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The fastest way to create a file in a Linux system is fallocate: sudo fallocate -l 50G file Re @gerrit's question about why I'm using sudo to run it, fallocate needs root privileges because it does not actually "create" the file per se, it manipulates the file allocation system directly, thus being almost instant as the question asks, as it doesn't have ...
-g sets the initial, or primary, group. This is what appears in the group field in /etc/passwd. On many distributions the primary group name is the same as the user name. -G sets the supplementary, or additional, groups. These are the groups in /etc/group that list your user account. This might include groups such as sudo, staff, etc.
Other alternatives include: to change the alarm thresholds to something near or below the current usage, or to create a very small test partition with limited inodes, size, or other attributes. Being able to test things such as running into the root reserved percentage, if any, may also be handy.
They are not the same. The -g option specifies the "primary" group that a user should belong to, while the -G option specifies one or many supplementary ("secondary") groups. On a work machine I have access to I have $ id uid=1001(me) gid=1001(me) groups=1001(me),27(sudo),110(lxd),1005(theproject) This shows that my "primary" group is me (same as my ...
Use the metric directive in the interfaces. The higher the value, the lower the priority. allow-hotplug eth0 iface eth0 inet static address 192.168.20.2 netmask 255.255.255.0 gateway 192.168.20.1 metric 30 allow-hotplug wlan0 iface wlan0 inet dhcp wpa-conf /etc/wpa_supplicant/wpa_supplicant.conf metric 10 Then restart networking ...
fallocate -l 50G big_file truncate -s 50G big_file dd of=bigfile bs=1 seek=50G count=0 As those three ways can all fill up a partition quickly. If you like use dd, usually you can try it with seek. Just set seek=file_size_what_you_need and set count=0. That will tell the system there is a file, and its size is what you set, but the system will not create ...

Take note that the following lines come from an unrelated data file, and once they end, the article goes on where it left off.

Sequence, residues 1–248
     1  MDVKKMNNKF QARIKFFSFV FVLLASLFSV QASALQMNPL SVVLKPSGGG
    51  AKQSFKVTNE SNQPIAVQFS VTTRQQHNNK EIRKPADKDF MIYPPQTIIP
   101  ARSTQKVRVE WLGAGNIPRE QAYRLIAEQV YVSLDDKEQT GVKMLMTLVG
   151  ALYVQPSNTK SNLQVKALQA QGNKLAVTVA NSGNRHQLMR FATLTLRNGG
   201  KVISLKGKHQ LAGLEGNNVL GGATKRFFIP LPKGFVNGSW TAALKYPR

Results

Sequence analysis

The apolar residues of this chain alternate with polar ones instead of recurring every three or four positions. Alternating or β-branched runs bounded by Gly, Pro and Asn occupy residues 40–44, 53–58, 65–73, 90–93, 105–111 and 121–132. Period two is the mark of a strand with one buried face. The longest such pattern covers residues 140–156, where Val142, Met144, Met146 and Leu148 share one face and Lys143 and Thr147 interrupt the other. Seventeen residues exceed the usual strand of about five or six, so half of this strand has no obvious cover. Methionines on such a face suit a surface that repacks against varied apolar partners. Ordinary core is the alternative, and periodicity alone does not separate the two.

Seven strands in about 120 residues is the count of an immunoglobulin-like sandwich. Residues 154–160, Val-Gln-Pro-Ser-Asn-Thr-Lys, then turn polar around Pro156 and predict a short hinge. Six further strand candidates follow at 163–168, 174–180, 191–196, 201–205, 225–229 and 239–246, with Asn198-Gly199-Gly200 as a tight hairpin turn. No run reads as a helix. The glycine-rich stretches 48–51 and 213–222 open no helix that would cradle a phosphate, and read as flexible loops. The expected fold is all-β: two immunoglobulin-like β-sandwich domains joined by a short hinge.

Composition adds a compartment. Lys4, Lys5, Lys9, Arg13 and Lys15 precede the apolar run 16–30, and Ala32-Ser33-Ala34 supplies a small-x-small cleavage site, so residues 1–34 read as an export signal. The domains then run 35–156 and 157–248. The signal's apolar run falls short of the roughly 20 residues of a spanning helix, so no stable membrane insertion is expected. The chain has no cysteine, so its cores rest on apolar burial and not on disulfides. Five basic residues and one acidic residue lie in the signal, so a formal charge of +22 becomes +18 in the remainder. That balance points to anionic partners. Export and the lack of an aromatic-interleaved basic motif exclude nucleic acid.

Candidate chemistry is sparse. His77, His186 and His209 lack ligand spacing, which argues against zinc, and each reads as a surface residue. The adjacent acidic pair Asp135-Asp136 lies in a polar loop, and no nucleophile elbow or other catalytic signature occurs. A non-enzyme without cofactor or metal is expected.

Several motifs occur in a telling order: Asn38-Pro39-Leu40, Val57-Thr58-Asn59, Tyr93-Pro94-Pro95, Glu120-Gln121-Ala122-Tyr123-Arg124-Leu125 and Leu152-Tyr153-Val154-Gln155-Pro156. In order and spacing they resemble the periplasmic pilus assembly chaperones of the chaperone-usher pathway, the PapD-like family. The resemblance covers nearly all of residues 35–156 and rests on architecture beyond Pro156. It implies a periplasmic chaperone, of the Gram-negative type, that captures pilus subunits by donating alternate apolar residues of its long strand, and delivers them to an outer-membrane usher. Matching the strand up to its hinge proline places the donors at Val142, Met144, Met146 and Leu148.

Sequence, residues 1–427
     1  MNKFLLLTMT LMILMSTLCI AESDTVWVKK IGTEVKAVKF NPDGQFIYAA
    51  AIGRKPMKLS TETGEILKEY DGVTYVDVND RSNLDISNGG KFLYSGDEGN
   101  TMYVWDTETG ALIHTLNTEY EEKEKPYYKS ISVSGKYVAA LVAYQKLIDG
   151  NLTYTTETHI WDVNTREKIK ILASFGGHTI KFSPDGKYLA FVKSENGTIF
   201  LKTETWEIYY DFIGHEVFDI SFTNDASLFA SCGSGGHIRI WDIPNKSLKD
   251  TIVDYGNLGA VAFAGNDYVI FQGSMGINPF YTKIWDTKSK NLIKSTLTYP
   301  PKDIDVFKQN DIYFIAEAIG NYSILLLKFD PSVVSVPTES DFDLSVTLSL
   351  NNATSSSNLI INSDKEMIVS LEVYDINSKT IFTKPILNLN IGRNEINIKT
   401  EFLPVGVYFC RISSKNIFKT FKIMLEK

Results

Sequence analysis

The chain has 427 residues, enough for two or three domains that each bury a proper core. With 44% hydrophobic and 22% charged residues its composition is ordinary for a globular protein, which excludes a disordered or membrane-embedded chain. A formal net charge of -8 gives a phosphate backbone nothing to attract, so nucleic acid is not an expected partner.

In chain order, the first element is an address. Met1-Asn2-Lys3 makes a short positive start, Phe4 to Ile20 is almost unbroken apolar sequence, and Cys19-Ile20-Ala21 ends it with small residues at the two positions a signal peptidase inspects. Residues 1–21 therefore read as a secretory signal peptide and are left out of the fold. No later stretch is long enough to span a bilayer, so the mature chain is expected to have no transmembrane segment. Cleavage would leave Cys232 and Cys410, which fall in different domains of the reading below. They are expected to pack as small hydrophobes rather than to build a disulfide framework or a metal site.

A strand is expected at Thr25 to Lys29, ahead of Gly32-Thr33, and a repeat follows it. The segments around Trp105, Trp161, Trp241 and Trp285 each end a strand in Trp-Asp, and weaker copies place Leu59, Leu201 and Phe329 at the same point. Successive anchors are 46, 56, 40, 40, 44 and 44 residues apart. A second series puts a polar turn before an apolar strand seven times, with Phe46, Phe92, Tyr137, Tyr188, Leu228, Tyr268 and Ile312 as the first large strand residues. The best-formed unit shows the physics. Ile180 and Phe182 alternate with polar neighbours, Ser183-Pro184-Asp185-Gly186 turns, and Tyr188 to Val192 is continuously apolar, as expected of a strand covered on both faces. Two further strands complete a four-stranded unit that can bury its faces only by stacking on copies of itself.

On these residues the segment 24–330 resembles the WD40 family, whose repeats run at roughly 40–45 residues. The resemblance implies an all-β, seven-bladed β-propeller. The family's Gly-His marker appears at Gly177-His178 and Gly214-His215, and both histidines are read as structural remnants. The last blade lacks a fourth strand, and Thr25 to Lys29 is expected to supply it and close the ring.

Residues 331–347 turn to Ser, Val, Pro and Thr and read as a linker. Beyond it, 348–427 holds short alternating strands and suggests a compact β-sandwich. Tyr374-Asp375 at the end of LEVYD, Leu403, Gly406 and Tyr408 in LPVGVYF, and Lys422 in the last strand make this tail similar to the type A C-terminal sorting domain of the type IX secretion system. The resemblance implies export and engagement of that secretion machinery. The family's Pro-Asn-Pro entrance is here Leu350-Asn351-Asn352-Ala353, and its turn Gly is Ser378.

PIDs do wrap around in normal usage. That's not a problem at all; the kernel ensures that new PIDs don't collide with existing PIDs. Nothing says that PIDs have to be monotomically increasing; process 12345 could easily fork() and have a child process of 5001. In this scenario, yes, a user could potentially use up all process slots and prevent further ...
It depends on the application, and thus may vary from "ha ha ha, no." to possibly "yes" though given the infinite variety of errors that can be introduced, and the specific needs of the thing being configured, it is more likely that buggy undesirable input will be generated than the error caught by a validator (and then there's syntactically correct but ...
Found the answer here: https://wiki.debian.org/DebianSqueeze My apt sources needed to be pointed at archive.debian.org rather than http.debian.net
You need to (at least) remove apache2.2-bin: apt-get remove apache2.2-bin Alternatively, you can force the installation of apache2-bin: dpkg -i --force-overwrite /var/cache/apt/archives/apache2-bin_2.4.20-2_amd64.deb and then try apt-get -f install again.
The group applied via -g is the primary group, so for example when you create a file it will default to making it with your primary group as the group associated with that file. You can however temporarily change which group it uses as default with the sg or newgrp commands. All groups in the -G are secondary groups. More about this here
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